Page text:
Whip the egg whites and cream of tartar until they are foamy, then slowly add the sugar and continue whipping at high speed until the whites hold a stiff peak when the beaters are lifted. The egg whites should be thick and glossy.
Stir the cocoa powder and cornstarch over the whites and fold in gently.
Quickly fold in the balsamic vinegar and vanilla extract.
Dollop a generous cupful of meringue onto each circle drawn onto the parchment paper. Gently press an indent into the centre of each, but don’t flatten or spread the meringue too much.
Bake the Pavlovas for 75 to 90 minutes, until they are dry on the outside. Let them cool to room temperature, then store in an airtight container until ready to serve.
Serve the Pavlovas with a dollop of crème fraîche on top of each, and sprinkle with fresh berries. The Pavlovas will keep, unassembled, in an airtight container for up to a day.
Yield: about 1 cup Recipe: 128/200 “Back to Baking”, pp. 320
I had never before done crème fraîche and although I was nervous to make it as I am with all fermented foods, it was pretty straight forward to make. Mine cultured for 36 hours as it is pretty humid here, and the cream thickened quite a lot. Since I was making this to accompany a dessert, I naturally assumed that this cream would be a bit sweet, forgetting of course that it is fermented with buttermilk so it does taste a bit sour. I realize now after trying a few different things that I really do not like anything sour in my desserts, especially not sour cream. However, if you do, this crème fraîche will be perfect for you and you can add little dollops on a variety of desserts. To each our own!
1 cup whipping cream
1 tablespoon buttermilk
Stir the whipping cream and buttermilk together, and pour the mixture into a plastic or glass container. Place this container into a bowl and fill the bowl with hot tap water, just to the level of the cream. Place this in a warm, draft-free place to culture for 24 to 48 hours. Time will depend on humidity.
Check the fragrance of the cream for a fresh citrus or sour aroma, and chill the crème fraîche without stirring until set, about 3 hours.
To use, spoon off the crème fraîche and dispose of the liquid whey at the bottom. The crème fraîche will keep in the fridge until the best-before date of the cream.
Yield: 16 large cookies Recipe: 127/200 “Back to Baking”, pp. 46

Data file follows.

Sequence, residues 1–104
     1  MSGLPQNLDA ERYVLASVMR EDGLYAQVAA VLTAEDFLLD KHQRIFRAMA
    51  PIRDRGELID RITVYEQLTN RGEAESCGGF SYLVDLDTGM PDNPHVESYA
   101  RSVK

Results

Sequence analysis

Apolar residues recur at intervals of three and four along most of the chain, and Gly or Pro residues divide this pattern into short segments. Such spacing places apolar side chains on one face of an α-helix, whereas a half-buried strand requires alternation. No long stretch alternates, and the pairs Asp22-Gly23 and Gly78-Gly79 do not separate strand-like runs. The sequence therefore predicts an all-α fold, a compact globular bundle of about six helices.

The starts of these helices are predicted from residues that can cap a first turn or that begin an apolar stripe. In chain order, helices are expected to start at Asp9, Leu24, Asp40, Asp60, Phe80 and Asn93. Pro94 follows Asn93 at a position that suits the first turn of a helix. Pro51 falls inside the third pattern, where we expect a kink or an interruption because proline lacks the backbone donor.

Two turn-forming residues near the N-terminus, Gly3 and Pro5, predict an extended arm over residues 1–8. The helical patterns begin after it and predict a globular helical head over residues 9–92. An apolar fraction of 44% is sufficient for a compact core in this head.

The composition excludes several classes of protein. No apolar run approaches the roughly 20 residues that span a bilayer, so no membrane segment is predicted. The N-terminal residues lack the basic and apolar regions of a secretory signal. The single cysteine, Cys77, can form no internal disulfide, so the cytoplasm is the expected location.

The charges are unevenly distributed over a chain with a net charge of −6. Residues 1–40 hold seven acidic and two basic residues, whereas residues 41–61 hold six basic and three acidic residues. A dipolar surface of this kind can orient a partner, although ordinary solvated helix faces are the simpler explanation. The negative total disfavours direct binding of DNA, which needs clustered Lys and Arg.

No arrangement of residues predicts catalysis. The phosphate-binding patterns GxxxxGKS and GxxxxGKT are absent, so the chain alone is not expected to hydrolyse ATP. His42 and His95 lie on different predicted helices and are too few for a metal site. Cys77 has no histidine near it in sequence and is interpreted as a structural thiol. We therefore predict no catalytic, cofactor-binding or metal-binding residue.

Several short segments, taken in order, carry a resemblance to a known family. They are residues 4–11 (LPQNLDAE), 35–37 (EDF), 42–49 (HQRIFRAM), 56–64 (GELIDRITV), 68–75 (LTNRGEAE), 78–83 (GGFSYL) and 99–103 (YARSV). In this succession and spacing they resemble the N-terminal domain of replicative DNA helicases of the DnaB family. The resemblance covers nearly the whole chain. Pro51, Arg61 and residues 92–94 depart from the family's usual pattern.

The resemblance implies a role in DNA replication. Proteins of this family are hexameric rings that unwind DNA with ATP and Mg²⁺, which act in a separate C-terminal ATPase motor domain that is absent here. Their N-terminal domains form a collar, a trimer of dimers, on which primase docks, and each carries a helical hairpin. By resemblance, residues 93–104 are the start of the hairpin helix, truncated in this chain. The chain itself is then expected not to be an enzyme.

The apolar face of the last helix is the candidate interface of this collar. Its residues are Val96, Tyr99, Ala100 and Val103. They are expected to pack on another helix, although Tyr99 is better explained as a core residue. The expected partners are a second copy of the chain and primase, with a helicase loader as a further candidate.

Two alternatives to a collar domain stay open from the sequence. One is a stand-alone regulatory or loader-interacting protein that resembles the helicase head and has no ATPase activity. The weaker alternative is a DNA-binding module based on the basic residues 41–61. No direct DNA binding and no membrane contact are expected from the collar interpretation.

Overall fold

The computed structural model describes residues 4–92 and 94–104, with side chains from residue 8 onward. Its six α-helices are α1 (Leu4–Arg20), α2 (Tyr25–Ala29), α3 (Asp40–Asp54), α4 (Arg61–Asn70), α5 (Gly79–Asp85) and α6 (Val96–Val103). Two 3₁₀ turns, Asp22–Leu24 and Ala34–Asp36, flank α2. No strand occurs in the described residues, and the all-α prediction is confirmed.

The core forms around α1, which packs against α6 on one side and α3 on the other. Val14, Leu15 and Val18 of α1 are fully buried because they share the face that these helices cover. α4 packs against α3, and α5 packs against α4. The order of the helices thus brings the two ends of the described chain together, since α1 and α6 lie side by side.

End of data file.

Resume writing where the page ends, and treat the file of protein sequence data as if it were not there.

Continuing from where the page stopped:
Flour is once more abundant in my home. Well, not abundant but many pounds more than I had a few weeks ago. As such I have ramped up my baking once more and I was excited to try these raspberry, lemon and white chocolate rugelach. I had never heard of these Jewish delicacies, but I am very glad to have discovered them. These were truly one of the best cookies I have ever made. I say cookie, but truly they are more in between a cookie and a pastry. A cootry? A paskie? That sounds better.
¾ cup unsalted butter, at room temperature
½ package (4 oz) cream cheese, at room temperature
1 tablespoon sugar, plus extra for sprinkling
2 teaspoons finely grated lemon zest
2 cups all-purpose flour
¼ teaspoon salt
⅔ cup raspberry jam
60 g (2 oz) white chocolate, cut in chunks, or ½ cup white chocolate chips
1 egg white, for brushing (optional, see notes)
These paskies smelled fantastic while baking, looked quite cute and tasted delicious. I don’t know what I was expecting, but I did not expect them to be that good. I don’t know why I thought this since raspberry and chocolate is a match made in heaven, so thankfully I was pleasantly surprised by the sweet yet not overly sweet pastry. Cookie. Not sure. Anna Olson proves once again that cream cheese is truly a secret weapon in pastry. The dough was perfectly flaky and just melted in the mouth with each bite. Truly a scrumptious treat to enjoy with some nice tea.
Using a hand or stand mixer, beat the butter and cream cheese until smooth.
Beat in the sugar and 1 teaspoon of the lemon zest.
Add the flour and the salt and stir until the dough evenly comes together. Shape the dough into 2 discs, wrap each in plastic wrap and chill for at least one hour.